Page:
A knife that fits well into my hand
I know that there's a separate knife for every different purpose. For me, I found out, after several sets of good expensive knives and a lot of cheap knives, that I end up using just one particular knife all the time - my all purpose knife. Now, I don't go carve a melon with that - but I cut, slice, chop, julienne and flatten all my vegetables and my meat from the same knife (yes, I wash it after every cutting job).
You chop and slice your food all the time and you must understand how inconsistent in size your ingredients will turn out if your knife isn't right for your grip - and the inconsistency in cutting will play a role in the outcome of your dish. The pain factor due to discomfort from a wrong-fitting knife can also be quite overwhelming on a long, bad day. I don't want to make my family feel miserable because I use a knife that doesn't fit me, therefore, in choosing a knife, what is most importantis not about using the sharpest knife made of a certain material and a high price tag, but, rather, how a knife fits my grip.
A wooden cutting board
The best cutting board comes from a full grown tamarind tree. It's strong and sturdy and works well with a cleaver. Well, I don't own one here. But since it's highly likely that I will not use a cleaver to chop any meat with bones any time soon I have settled on a regular, rectangular-shaped cutting board. One thing of which you are already aware; always make sure that all wooden equipment is cleaned very well after each use.
What's a stove top cooking without a large frying pan - with a deep bottom- or a wok?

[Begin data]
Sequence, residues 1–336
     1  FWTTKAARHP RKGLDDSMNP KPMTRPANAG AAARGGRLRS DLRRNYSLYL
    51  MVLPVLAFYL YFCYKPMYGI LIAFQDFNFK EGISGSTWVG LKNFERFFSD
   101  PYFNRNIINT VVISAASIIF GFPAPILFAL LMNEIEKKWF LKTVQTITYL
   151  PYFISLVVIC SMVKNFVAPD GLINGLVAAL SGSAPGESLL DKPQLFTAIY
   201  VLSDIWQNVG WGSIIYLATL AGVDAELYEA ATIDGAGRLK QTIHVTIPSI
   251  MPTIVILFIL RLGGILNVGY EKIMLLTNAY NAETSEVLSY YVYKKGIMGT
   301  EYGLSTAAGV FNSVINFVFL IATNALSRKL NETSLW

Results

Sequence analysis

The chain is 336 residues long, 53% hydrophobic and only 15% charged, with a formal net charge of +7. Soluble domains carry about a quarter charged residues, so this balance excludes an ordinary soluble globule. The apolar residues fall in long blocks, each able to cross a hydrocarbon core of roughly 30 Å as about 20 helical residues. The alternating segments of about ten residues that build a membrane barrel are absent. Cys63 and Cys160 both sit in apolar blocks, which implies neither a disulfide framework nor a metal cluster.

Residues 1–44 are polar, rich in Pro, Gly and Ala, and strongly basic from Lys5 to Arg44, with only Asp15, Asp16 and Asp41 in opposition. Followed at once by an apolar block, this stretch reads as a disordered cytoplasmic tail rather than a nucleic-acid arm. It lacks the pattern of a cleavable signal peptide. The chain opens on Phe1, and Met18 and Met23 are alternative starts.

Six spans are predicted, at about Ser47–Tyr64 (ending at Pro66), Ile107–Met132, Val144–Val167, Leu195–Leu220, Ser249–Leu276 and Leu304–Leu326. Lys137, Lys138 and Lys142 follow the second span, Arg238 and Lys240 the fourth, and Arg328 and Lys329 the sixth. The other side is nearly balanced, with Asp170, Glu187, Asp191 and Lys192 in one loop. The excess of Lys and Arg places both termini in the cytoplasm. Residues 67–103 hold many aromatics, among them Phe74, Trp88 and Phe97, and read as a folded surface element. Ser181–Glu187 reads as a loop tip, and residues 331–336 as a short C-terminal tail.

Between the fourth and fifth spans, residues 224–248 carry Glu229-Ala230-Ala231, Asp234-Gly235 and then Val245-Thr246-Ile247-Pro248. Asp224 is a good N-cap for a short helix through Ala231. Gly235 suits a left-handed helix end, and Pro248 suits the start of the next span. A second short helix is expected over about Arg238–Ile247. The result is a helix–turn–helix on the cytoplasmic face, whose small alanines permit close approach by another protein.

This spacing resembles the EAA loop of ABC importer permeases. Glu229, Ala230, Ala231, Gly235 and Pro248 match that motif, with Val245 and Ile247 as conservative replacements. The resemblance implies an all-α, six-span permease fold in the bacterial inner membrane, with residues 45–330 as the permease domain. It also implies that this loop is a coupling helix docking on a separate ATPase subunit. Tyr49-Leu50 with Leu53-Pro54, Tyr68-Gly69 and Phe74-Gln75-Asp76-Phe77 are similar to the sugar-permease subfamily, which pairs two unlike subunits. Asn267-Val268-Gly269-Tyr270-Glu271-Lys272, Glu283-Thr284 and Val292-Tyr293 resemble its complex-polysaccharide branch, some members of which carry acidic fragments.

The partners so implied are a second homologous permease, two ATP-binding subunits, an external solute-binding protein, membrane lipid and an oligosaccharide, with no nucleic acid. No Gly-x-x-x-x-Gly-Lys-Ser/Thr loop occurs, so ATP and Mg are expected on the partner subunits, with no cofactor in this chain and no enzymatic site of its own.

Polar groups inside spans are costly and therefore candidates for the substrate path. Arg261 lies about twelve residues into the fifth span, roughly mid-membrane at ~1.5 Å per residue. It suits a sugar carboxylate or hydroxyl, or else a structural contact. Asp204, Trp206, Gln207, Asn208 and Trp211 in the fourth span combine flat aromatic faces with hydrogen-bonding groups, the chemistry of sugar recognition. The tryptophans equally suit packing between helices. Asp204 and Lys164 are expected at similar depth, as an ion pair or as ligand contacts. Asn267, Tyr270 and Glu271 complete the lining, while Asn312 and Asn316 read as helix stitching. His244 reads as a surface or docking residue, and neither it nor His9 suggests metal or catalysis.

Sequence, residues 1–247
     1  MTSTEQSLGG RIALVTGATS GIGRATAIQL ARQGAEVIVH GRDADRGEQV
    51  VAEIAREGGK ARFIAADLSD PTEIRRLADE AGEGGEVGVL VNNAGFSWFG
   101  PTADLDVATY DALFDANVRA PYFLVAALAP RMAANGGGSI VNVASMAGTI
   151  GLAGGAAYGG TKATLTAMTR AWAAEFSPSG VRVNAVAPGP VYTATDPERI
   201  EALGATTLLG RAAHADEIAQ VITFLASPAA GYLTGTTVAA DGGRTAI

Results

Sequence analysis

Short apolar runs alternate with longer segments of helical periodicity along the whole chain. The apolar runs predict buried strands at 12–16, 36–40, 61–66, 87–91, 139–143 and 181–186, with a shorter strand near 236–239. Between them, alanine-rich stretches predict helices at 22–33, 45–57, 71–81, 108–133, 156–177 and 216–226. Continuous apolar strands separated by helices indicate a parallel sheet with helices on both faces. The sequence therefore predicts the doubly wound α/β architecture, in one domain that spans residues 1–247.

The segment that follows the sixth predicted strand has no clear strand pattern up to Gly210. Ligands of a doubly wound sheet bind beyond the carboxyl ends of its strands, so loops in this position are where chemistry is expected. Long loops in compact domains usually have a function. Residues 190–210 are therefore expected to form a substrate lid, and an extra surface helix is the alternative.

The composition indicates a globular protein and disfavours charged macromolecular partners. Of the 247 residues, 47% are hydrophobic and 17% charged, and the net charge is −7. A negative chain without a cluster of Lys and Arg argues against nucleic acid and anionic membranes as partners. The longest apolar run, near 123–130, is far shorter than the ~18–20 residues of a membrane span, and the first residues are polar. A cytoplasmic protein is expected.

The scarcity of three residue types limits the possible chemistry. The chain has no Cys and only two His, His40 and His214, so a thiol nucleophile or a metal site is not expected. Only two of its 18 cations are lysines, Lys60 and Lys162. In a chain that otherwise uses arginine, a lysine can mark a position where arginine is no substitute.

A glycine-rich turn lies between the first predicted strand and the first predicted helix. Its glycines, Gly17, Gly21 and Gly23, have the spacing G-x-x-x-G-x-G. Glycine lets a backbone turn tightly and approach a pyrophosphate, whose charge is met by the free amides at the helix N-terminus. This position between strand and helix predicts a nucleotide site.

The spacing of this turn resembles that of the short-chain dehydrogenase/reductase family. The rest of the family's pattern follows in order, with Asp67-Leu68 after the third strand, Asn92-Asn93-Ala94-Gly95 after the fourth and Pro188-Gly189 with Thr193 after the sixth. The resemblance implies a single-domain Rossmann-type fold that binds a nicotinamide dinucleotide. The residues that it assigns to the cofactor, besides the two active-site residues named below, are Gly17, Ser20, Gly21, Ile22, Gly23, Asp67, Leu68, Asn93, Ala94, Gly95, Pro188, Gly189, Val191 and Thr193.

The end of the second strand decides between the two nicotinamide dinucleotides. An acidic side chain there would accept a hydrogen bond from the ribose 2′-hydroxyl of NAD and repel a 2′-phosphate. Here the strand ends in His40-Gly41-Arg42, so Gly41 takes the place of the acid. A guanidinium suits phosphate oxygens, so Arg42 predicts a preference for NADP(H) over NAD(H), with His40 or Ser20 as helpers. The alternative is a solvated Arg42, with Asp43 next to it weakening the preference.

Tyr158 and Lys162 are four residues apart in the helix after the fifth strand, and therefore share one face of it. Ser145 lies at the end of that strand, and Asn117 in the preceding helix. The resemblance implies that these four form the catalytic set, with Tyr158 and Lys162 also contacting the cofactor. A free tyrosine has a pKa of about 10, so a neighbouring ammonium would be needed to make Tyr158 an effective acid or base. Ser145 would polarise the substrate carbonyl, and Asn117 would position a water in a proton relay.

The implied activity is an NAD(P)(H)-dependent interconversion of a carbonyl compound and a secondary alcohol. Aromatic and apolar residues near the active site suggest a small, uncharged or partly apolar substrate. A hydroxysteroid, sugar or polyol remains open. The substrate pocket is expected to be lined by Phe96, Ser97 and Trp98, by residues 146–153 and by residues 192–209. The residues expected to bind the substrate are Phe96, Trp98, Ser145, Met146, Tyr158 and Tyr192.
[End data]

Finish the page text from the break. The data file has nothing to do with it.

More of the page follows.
Although I must say it's so difficult to find a pan that is deep enough, or a wok that is large enough, for my deep- frying, or even making my simple yet delicious kaijiew-omelet. I use a cast iron wok and am not one hundred percent happy. The design is important since we want it to heat up evenly. This will have to be it until I find a wok of my dreams.
Again, it's all about how they fit my hands. I use two spatulas, almost always, to stir-fry large amounts of food. I like mine to be flat with only a little curve that meets at the end. The ones I've been using are getting quite beaten up. Again, I have been searching for something similar to replace them, and so far nothing has come up. I like wooden tools because the wood, unlike the harshness of the metal, feels 'soft' in my grip, yet strong enough to lift heavy food. What a great way to exercise my arms!
Although the core of my cooking is really Thai, I am very innovative when it comes to my food creativity. As I start introducing some simple dishes (Please, I am not capable of complexity in anything but the stuff inside my own head!), I hope that you will come to the undestanding that you, too, will start exploring and have fun with your own creations. Lifestyles today make us keep going non-stop and applies a steady stream of stress on us already. It's up to us to reverse the process and start enjoying and appreciating. Be on the lookout for my first dish! Enjoy your creations, and since it's your own, name it, too!